Luneburg Lens Illuminated by Corrugated Horn

The lenses are antennas designed to collimate incident energy and to prevent it from spreading in undesired directions (the beam focusing).

In this application note, we show Luneburg lens illuminated by corrugated horn antenna. The lens is represented as spherically symmetric structure with variable index of refraction. Basically, Luneburg lens is modelled in WIPL-D Pro as 5 spheres with coinciding centers.

The simulation results include 2D and 3D radiation pattern, as well as focused near field. Comparing free space radiation with the radiation of the overall lens shows energy collimation and gain increase. Simulations are carried out at inexpensive desktop PC, while the simulation can be further speeded up by using the GPU solver.

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Compact Multi-band Antenna for Wireless Applications

The aim of this application note is to demonstrate the possibilities of WIPL-D Pro 3D EM Solver regarding design and simulation of complex printed antennas in a wide-band. The tool used is WIPL D Pro CAD, allowing Boolean operations, solid modelling, automated quadrilateral mesh etc. Features such as total imaging and edging are done in seconds.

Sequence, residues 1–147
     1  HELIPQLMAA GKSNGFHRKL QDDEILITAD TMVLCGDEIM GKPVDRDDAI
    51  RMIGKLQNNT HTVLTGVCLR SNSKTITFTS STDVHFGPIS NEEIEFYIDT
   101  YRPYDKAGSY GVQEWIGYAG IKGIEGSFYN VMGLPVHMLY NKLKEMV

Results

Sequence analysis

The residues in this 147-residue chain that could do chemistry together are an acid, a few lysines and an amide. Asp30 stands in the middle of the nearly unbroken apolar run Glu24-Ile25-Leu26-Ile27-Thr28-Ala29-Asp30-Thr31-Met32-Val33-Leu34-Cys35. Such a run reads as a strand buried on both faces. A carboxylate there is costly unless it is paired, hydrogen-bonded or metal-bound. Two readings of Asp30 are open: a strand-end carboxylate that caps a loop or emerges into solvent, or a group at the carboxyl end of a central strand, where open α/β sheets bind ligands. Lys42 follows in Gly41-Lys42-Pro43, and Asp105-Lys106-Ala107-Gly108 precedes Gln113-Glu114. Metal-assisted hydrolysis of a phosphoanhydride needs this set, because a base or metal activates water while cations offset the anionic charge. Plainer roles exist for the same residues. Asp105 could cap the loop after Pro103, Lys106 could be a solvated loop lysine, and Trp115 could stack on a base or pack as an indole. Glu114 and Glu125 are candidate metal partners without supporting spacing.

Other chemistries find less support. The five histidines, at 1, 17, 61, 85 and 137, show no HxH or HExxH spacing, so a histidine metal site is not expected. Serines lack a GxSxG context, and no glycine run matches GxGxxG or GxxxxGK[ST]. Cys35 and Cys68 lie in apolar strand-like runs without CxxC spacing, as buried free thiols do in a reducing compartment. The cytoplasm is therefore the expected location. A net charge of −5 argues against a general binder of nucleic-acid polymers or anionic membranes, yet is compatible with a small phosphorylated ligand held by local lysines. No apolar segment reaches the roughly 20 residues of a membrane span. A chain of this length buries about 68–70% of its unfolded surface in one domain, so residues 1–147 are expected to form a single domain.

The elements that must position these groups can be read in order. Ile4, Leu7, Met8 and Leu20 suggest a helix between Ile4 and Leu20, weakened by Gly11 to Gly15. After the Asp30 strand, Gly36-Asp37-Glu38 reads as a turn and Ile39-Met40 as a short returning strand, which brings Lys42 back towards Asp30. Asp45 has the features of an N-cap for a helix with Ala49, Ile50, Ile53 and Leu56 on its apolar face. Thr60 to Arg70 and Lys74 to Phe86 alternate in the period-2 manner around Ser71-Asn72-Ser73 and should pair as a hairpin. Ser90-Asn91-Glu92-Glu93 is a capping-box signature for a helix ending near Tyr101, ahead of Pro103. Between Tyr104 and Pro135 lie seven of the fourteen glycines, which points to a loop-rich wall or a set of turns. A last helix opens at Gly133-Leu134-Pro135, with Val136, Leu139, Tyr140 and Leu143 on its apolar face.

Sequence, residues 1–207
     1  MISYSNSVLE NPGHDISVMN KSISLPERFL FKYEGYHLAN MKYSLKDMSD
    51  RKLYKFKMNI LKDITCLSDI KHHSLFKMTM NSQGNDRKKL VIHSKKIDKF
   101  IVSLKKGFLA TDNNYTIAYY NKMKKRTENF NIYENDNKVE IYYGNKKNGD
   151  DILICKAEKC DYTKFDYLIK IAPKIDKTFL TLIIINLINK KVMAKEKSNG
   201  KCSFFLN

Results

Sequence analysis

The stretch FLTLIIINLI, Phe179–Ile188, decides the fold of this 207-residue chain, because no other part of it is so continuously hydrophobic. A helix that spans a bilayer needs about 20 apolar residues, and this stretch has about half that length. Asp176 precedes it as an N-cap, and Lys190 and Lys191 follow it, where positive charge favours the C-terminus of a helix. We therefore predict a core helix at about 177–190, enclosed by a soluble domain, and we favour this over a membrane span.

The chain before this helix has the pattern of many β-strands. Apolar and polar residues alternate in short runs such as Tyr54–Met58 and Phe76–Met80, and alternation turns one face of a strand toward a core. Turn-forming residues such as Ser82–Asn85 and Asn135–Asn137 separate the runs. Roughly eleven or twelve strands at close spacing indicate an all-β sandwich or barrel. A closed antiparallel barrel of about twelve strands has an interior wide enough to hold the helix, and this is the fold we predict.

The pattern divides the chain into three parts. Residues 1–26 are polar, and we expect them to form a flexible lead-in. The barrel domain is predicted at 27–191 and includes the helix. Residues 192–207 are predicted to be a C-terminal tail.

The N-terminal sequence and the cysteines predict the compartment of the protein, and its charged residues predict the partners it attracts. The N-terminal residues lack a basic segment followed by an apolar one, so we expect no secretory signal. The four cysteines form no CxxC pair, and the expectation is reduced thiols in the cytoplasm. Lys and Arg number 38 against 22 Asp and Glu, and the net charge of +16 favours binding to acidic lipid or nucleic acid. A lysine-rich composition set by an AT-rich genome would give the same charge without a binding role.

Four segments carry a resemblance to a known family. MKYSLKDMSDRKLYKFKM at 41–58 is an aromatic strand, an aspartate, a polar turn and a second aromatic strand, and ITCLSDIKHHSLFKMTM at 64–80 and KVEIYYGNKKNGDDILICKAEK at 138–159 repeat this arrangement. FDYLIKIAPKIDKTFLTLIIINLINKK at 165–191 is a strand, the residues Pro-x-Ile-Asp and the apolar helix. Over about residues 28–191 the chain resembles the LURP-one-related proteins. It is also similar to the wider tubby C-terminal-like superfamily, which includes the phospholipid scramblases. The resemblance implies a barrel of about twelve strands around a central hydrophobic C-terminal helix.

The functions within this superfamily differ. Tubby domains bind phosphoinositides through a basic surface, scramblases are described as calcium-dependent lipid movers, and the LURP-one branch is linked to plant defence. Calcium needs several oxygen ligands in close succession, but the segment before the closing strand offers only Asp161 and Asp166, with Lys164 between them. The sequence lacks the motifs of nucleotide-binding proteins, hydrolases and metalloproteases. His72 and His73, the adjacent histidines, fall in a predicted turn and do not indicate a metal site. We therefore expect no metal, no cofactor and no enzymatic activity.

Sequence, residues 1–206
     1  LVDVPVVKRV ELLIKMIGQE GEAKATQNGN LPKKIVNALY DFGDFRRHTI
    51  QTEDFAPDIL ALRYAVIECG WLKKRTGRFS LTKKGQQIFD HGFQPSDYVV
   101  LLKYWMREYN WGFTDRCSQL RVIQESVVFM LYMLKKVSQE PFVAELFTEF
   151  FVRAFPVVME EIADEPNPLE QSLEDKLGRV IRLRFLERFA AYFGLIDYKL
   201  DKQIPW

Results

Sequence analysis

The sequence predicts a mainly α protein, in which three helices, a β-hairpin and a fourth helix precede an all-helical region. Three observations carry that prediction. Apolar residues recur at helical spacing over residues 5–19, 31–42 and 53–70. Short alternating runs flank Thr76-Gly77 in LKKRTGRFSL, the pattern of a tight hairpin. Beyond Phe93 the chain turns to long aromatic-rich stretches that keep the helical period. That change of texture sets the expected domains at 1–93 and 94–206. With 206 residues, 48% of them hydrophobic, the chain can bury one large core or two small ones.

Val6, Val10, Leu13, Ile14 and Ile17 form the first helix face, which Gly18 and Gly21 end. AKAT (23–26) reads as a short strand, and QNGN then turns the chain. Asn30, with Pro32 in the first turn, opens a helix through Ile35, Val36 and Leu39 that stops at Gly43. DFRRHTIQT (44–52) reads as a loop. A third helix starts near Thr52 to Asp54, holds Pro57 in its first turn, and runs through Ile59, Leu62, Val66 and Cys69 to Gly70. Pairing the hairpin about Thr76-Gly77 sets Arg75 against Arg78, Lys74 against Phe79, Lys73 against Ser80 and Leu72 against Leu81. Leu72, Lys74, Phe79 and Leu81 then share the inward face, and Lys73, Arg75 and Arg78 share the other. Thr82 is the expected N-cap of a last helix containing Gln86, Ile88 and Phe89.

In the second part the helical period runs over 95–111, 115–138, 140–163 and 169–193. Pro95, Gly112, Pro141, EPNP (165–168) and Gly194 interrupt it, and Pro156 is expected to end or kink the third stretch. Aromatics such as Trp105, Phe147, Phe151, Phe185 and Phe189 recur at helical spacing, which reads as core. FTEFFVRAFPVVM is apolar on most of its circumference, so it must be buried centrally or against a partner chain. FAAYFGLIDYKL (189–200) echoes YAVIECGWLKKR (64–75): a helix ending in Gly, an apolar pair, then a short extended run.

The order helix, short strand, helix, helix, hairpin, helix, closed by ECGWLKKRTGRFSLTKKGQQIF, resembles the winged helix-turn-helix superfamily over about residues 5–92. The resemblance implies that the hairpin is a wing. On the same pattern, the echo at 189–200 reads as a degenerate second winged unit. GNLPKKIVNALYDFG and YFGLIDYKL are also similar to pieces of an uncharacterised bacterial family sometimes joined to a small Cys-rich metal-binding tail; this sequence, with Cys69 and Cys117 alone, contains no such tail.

The model is made according to specifications from the Microwave Journal published in May 2008. Duration of the complete process of fully-parametric model creation and simulation in WIPL-D Pro is approximately one hour.

The simulation takes several seconds per frequency point at standard desktop PC, with extremely small number of unknowns. The frequency band from 0.5 to 3 GHz with 10 resonances present requires only 65 frequency points, due to powerful built-in interpolation.

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Crossed Exponentially Tapered Slots Antenna (XETS)

The application note shows the complete simulation process for an antenna designed externally from the WIPL-D suite and provided as CAD geometry (STEP) file. It includes import, healing, adjusting materials, mesh and simulation. Importing the file (in a single click) results as project consisting of several parts defined as metallic.